Would you say there’s a difference between “just Googling” something to find an answer and truly understanding a topic?
MK – Yes, absolutely. You can get the top level summary, almost like a quick Wikipedia level answer from Googling, but to get a real true understanding of something that requires a lot more exploration. Having a little more access to in-depth, guided instructional or curated material is a good next step to come into deeper understanding of it.
JP – Yeah, I would definitely agree. I generally use Google to see if something is trending and what the current sort of events may say about it. But if I really want to learn more about that particular cultural object or work, I would probably start with Wikipedia or dive deeper into tertiary sources.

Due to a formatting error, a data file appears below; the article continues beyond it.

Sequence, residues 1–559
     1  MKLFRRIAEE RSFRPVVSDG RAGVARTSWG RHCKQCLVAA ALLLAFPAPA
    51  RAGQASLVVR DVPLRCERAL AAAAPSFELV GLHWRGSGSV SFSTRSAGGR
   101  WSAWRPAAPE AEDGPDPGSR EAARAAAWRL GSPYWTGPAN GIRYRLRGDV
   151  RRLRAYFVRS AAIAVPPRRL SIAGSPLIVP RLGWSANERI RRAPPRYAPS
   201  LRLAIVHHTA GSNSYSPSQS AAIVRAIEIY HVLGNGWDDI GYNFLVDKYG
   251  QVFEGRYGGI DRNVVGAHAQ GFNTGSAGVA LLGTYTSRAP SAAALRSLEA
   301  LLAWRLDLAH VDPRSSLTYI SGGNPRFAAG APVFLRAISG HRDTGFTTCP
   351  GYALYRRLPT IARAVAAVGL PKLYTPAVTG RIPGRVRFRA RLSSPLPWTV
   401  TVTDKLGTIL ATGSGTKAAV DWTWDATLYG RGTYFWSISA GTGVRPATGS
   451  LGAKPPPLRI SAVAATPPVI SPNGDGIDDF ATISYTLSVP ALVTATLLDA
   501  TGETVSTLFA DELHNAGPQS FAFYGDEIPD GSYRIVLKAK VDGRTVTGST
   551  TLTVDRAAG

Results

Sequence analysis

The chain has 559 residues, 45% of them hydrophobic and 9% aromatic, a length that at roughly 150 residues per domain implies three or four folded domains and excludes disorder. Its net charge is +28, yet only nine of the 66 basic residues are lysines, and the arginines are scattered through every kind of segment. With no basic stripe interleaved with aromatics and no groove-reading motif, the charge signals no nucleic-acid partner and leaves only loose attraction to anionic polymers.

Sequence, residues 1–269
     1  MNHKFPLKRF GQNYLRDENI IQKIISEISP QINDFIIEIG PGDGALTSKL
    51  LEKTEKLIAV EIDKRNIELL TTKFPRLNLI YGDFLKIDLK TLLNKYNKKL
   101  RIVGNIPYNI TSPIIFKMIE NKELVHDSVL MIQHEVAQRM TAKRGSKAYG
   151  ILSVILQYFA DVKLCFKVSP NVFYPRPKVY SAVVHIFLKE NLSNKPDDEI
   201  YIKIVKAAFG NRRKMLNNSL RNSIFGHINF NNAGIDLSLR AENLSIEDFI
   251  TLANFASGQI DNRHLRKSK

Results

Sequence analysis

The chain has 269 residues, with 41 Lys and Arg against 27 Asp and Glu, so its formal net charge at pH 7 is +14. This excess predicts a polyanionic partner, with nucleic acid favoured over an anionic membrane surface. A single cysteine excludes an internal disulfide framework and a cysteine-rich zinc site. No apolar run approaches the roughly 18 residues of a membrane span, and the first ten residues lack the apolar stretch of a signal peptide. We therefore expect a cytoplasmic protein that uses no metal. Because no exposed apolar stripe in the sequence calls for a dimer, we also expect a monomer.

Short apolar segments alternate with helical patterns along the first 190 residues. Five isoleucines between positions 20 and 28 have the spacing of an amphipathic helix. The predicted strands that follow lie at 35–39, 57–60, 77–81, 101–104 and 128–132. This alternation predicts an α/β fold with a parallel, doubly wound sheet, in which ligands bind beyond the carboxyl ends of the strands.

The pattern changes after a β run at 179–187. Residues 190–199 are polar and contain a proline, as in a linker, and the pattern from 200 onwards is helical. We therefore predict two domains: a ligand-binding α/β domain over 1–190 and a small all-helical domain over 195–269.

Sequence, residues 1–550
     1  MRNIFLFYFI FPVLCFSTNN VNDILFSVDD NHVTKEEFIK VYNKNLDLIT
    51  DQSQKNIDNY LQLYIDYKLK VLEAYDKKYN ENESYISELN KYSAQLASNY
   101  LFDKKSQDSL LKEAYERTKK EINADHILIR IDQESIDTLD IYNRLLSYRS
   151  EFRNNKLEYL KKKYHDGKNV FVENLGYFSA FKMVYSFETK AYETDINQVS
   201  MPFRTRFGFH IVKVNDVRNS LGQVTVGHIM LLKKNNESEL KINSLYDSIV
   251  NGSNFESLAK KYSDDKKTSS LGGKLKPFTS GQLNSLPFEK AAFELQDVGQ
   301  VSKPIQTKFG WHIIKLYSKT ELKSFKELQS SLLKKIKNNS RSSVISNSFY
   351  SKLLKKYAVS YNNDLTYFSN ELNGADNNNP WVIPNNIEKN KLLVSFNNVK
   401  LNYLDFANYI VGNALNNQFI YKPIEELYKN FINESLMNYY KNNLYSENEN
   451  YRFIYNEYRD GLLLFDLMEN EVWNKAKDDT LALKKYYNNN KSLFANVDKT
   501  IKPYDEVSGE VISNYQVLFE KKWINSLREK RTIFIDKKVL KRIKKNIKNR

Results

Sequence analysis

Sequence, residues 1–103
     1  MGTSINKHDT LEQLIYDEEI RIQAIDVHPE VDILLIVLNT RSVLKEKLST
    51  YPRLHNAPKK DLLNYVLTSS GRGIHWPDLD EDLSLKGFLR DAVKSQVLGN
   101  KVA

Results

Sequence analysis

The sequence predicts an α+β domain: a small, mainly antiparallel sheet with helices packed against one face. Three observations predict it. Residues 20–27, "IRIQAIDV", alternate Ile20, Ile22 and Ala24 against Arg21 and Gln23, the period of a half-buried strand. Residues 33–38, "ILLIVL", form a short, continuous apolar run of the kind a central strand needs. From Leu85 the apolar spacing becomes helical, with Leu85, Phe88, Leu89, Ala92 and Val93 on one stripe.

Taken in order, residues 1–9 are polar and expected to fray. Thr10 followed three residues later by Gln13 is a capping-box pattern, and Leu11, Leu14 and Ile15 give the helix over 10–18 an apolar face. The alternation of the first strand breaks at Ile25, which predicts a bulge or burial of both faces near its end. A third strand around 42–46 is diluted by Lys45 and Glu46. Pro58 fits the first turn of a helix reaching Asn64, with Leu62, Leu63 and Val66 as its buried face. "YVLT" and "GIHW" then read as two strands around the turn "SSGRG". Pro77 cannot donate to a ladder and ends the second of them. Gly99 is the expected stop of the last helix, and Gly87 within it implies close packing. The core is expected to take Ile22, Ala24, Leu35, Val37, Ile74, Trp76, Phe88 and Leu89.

When was there a time when someone’s introduction to a subject or unique perspective made you more interested in it?
JP – For me, I was just talking to a friend and they were talking about, of all things, Orientalism by Edward Said. It sounded really interesting to me because it was basically the seminal book around what made that term particularly un-PC. It kind of encapsulates a lot of history that comes with the whole middle eastern conflict, and all that kind of stuff. But it’s more a book about how academia, in general, has particular biases embedded within it that very much comes from a Western perspective. Reading that book really made me much more aware of all the issues, especially why a project like Curationist and the Creative Commons and Wikipedia and projects like that, in general, are so important because they expose perspectives from other regions and cultures.